WeatherTalk: Cold is relative, to a point

In southern Florida, 35 degrees above zero is dangerous because many people do not own a coat.

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For all places, there is a normal range of temperatures, and then a normal range of extreme temperatures. For example, average low temperatures drop into the teens and single digits and even below zero in winter, but we also expect a small number of mornings to drop into the -20s. Usually when this more extreme cold happens, there are problems. A few people invariably get frostbitten. Local garages get extremely busy helping people with cars that will not start.

In Fairbanks, Alaska, the same things happen when the weather drops into the 40 to 50 below zero range. In southern Florida, the National Weather Service issues Wind Chill Advisories for any wind chill readings of 35 degrees above zero because such conditions are dangerously cold for people who do not own a coat. Water freezes at 32 degrees. That is firm. But the way cold weather affects us is remarkably relative.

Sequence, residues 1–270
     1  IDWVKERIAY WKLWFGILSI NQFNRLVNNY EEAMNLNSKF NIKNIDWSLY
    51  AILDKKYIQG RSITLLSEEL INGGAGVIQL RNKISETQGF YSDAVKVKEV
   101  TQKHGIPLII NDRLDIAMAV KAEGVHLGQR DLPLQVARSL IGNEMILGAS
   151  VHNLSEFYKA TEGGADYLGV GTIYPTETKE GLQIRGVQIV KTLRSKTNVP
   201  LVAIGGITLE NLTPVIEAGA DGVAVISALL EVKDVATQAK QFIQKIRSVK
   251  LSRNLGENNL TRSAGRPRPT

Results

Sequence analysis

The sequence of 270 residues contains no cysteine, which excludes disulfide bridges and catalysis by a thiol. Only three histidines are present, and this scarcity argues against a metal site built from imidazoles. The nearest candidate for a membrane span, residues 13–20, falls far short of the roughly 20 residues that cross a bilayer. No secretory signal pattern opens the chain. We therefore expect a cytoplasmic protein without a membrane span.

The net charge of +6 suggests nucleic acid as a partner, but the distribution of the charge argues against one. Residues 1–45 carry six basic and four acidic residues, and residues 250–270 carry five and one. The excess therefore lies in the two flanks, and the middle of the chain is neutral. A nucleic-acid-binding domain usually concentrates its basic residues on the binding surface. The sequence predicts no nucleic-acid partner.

John Wheeler is Chief Meteorologist for WDAY, a position he has had since May of 1985. Wheeler grew up in the South, in Louisiana and Alabama, and cites his family's move to the Midwest as important to developing his fascination with weather and climate. Wheeler lived in Wisconsin and Iowa as a teenager. He attended Iowa State University and achieved a B.S. degree in Meteorology in 1984. Wheeler worked about a year at WOI-TV in central Iowa before moving to Fargo and WDAY..
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